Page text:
Last weekend, TNT ran a Star Wars marathon. Since I was in the middle of inputting receipts into Quicken and needed some background noise, I turned on the marathon, catching Episode I: The Phantom Menace close to the beginning. Fortunately, the football game of the year for Michigan residents (University of Michigan vs Michigan State University) didn’t come on until 7:30 pm, so I had control of the remote all afternoon. 😊
Having watched each episode about a million times (slight exaggeration), I knew I could do the financial stuff and follow the movies. Hah. Too many times, a scene would snag my attention. It didn’t take much to yank me away from data input. (Bo-ring) Each time I watch one of the movies, I see something new. Yes, even after a million times. During the big pep talk scene in A New Hope and Mon Mothma says “Many Bothans died to bring us this information” I immediately thought of Rogue One that told that story.
I love the expansion of Star Wars to include side stories, like Rogue One. I’m looking forward to more of them. Just as I’m anxiously awaiting the release of Star Wars VIII: The Last Jedi.
Why this fascination with a forty-year-old movie and its sequels? And why are new fans made every generation? I can’t speak for everyone, only my family. (If this sounds vaguely familiar, my post almost three years ago speaks of my family’s fascination with the series.)
Hubs and I saw the original Star Wars in the theater. We enjoyed it so much, we took our kids. When the VCR of the first trilogy came out, I bought it (still have the original tapes), and we watched the films many times. I took my son and his best friend (ages 5 and 6) to Star Wars V: The Empire Strikes Back and sitting in the front row because we didn’t arrive early enough. (I still remember the crick in my neck.) We’ve watched the entire series on DVD so many times, I think they’re starting to wear out. LOL We passed the torch to our children who in turn have passed it on to their children, all of whom share our passion. Our 7.5-year-old grandson beats everyone at Star Wars Trivial Pursuit. His 10-year-old sister comes in a close second.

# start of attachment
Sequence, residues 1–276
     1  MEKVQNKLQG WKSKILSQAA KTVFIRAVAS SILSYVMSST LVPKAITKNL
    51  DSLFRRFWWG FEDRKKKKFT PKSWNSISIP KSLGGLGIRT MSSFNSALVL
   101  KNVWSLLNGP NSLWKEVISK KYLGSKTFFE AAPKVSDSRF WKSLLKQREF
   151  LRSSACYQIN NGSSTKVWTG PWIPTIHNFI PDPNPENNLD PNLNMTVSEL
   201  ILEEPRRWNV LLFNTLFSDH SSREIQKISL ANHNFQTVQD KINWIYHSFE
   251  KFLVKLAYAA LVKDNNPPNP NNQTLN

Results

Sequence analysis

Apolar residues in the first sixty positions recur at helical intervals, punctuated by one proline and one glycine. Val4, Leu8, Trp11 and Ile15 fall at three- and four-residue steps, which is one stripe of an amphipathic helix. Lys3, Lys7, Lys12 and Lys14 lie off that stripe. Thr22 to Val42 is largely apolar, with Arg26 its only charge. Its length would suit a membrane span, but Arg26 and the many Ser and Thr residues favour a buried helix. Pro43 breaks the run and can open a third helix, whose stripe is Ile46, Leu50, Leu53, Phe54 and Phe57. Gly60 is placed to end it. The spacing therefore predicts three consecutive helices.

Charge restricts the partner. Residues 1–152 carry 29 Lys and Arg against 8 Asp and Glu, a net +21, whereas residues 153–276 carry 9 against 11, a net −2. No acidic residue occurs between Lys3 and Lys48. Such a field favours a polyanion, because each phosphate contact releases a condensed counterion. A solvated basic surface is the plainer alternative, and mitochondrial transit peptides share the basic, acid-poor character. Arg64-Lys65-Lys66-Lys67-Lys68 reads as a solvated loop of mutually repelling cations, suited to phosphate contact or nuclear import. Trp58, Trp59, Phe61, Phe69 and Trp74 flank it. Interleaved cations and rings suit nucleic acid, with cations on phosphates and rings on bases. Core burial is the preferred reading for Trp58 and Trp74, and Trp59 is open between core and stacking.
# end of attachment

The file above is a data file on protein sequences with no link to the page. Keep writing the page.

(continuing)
When I wrote the previous post (December, 2014), my granddaughter, Toddler Girl, hadn’t been born yet. I did say we’d indoctrinate her in Star Wars. Now, she’s two and a half. Her favorite toys at my house are the three sets of Star Wars nesting dolls. Guess who’s been teaching her the names of the characters? Hehehe. She remembers Chewbacca, BB-8, and the princesses Leia and Rey. Well, I think Rey is a princess. She has to be Luke’s daughter, right? I guess we’ll find out when Star Wars VIII: The Last Jedi comes out on December 15th. You can bet our three generations of Star Wars fans will be at the opening. Seeing the trailer yesterday added to the anticipation.
For me, the fascination of the movies is the adventure. Before 1977, I never read science fiction, and I thought previous sci-fi movies were hokey, unbelievable. Because of the manner in which Star Wars was written and filmed, the viewer can easily suspend disbelief. Of course ships travel through space and hop from planet to planet. This was adventure (and romance) that happened to take place in a “galaxy far, far away.” As I’ve said many times, that’s when my love of science fiction romance began. Consequently, I was thrilled when Disney bought the franchise and began making new movies.
I’ve never felt this way about a movie series. I compare every sci-fi film I see to Star Wars. None measure up. (The only ones that come close are the Star Trek series.) As you can tell, I’m still an unabashed fangirl.
What movie series captured you?
Diane Burton once knew the name of every Mercury, Gemini, and Apollo astronaut. After watching the first Star Wars movie, she knew she wanted to write about space adventure. Her Outer Rim series (The Pilot, The Chameleon,and The Protector) are about strong women (like Star Wars heroines Leia, Rey, and Jyn) on the frontier of space. Read about Diane's books at www.dianeburton.com